The first thing that strikes you about Los Angeles is the huge size of the city. The City of Angels, or LA, commonly referred to as Los Angeles, extends over 1,200 square miles, is home to more than 4 million residents, and at least 220 different languages are spoken.
And it may seem like all these people are actually actors, musicians, screenwriters, dancers or directors just waiting for their big breakthrough. The dream of Hollywood lives to the highest degree.
Through popular culture, many of us feel that we know Los Angeles well, not least through countless movies and TV series with action added to the city.
You will quickly notice that the city is multi-ethnic, nearly half of its citizens are born outside the United States, and 40% of LA’s residents speak Spanish as their first language.
The many attractions in Los Angeles can keep you and your fellow travelers busy for weeks, even though the traditional high culture is not exactly the mainstay.
LA is a year-round destination you can visit at any time, because the sun shines most days, and even the winter days here are rarely colder than an average Norwegian summer day.
Get to know Los Angeles
Los Angeles was founded by Spaniards in 1781 under the name El Pueblo de Nuestra Señora la Reina de los Ángeles de Porciúncula. Fortunately, the name was shortened eventually.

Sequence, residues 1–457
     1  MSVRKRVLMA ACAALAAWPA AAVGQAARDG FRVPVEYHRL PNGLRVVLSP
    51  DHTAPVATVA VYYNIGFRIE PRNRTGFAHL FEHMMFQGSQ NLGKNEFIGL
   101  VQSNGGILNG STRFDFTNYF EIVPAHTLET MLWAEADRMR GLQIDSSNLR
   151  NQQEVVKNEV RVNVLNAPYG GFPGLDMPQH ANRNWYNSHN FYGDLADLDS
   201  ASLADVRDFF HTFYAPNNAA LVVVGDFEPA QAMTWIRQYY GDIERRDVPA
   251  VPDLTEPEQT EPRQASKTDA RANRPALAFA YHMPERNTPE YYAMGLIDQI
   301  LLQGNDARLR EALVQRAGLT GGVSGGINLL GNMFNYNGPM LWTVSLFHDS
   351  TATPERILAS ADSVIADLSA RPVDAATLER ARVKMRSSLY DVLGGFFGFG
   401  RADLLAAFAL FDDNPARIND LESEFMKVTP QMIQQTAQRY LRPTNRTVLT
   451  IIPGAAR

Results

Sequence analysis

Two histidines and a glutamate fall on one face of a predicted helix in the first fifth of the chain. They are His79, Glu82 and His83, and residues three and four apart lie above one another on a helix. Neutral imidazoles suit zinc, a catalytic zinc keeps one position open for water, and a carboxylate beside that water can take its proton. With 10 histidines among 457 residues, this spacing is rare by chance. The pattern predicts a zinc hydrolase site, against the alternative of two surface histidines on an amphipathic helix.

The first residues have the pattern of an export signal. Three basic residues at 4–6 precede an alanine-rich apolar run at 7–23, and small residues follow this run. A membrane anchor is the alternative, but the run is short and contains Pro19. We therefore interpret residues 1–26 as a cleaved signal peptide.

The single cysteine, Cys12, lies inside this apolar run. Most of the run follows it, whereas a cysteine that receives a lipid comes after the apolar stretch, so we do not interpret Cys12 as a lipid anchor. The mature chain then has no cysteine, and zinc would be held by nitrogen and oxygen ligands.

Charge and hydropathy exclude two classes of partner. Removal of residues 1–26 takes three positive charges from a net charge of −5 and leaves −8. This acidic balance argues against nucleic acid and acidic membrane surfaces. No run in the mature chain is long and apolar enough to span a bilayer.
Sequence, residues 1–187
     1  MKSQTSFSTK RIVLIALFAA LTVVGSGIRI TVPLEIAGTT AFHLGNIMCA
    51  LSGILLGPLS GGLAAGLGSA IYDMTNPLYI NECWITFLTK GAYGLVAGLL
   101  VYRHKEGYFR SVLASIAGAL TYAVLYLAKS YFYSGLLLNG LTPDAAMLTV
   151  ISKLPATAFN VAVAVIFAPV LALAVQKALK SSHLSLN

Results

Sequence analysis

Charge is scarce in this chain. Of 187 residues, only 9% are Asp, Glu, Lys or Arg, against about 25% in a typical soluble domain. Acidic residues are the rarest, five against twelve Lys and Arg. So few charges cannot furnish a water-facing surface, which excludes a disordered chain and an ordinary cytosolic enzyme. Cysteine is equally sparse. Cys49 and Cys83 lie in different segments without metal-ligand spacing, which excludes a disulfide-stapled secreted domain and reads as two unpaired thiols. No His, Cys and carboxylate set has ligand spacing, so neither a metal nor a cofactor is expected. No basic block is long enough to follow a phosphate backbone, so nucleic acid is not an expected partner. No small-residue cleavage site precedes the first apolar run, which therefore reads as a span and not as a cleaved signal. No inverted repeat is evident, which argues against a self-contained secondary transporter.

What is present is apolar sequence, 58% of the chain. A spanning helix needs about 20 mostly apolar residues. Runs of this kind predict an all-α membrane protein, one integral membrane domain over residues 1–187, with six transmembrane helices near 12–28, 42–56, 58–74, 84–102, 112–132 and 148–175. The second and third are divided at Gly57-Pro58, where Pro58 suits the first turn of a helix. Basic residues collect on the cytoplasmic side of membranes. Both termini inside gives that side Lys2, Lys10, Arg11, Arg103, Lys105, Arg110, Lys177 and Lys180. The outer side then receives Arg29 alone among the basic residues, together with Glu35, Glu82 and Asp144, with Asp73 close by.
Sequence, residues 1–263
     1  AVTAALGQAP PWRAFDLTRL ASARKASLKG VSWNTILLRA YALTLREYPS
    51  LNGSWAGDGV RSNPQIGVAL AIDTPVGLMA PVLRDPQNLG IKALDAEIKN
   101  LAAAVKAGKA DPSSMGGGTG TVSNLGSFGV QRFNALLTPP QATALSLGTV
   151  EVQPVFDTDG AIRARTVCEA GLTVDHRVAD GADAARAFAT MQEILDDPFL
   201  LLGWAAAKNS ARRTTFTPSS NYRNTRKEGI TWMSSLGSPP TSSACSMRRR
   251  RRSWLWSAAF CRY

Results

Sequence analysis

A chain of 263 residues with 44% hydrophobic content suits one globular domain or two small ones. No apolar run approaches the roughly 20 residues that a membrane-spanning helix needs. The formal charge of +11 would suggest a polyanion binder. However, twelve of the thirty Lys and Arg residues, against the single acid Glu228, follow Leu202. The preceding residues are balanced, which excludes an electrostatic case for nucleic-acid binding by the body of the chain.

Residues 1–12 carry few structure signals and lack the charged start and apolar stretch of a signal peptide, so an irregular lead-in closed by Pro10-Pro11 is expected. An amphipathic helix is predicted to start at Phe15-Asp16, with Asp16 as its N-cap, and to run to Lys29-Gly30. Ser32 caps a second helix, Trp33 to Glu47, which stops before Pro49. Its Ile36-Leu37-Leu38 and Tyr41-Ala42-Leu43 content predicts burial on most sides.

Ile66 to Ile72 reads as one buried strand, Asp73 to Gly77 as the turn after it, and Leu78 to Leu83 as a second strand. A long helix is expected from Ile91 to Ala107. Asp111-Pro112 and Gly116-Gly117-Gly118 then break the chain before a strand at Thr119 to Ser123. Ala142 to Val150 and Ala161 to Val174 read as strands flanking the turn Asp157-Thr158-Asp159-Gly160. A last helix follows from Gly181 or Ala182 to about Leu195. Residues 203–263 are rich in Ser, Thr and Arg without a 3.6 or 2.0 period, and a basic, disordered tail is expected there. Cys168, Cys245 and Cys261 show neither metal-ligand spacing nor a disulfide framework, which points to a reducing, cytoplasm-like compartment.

California became Mexican in 1821, but after the American-Mexican War, California was incorporated into the United States in 1848. An economic boom occurred in connection with oil discoveries in 1892, and Los Angeles was one of the world’s largest petroleum producers at the turn of the last century.
In the 1920s, Los Angeles became the headquarters of America’s rapidly expanding film industry. The aviation industry was also based here. Los Angeles was Olympic hosts in 1932, and the population passed a million.
Today, the population has grown to 3.8 million, or as much as 13 million if you count on the entire Long Beach and Santa Ana district. Los Angeles only has New York City ahead of the United States when ranking by population.
Climatically, Los Angeles is in a subtropical zone, with hot and almost rain-free summers and mild, but humid winters. The city is prone to earthquakes and is affected by thousands of small earthquakes annually. The last major earthquake was in 1994, when 72 people lost their lives.
In order to get a real impression of Los Angeles, it is actually absolutely necessary to have access to a car. Public transport is well developed but cumbersome, and there are not many attractions that you can take public transport to directly. You probably need to change bus or metro several times. And Los Angeles is so expansive that it’s almost impossible to get around on foot, unless you just focus on the area around your hotel.
The different groups of people that make up Los Angeles, as in many other cities, have gathered in their own enclaves. As a result, you will find neighborhoods like Chinatown, Little India, Thai Town, Little Ethiopia, Koreatown and Teherangeles, or Little Persia as it is also called, the largest Iranian community outside Iran. And Los Angeles has enough Mexicans to be called Mexico’s third largest city.
- Abbreviation: LA
- Country: United States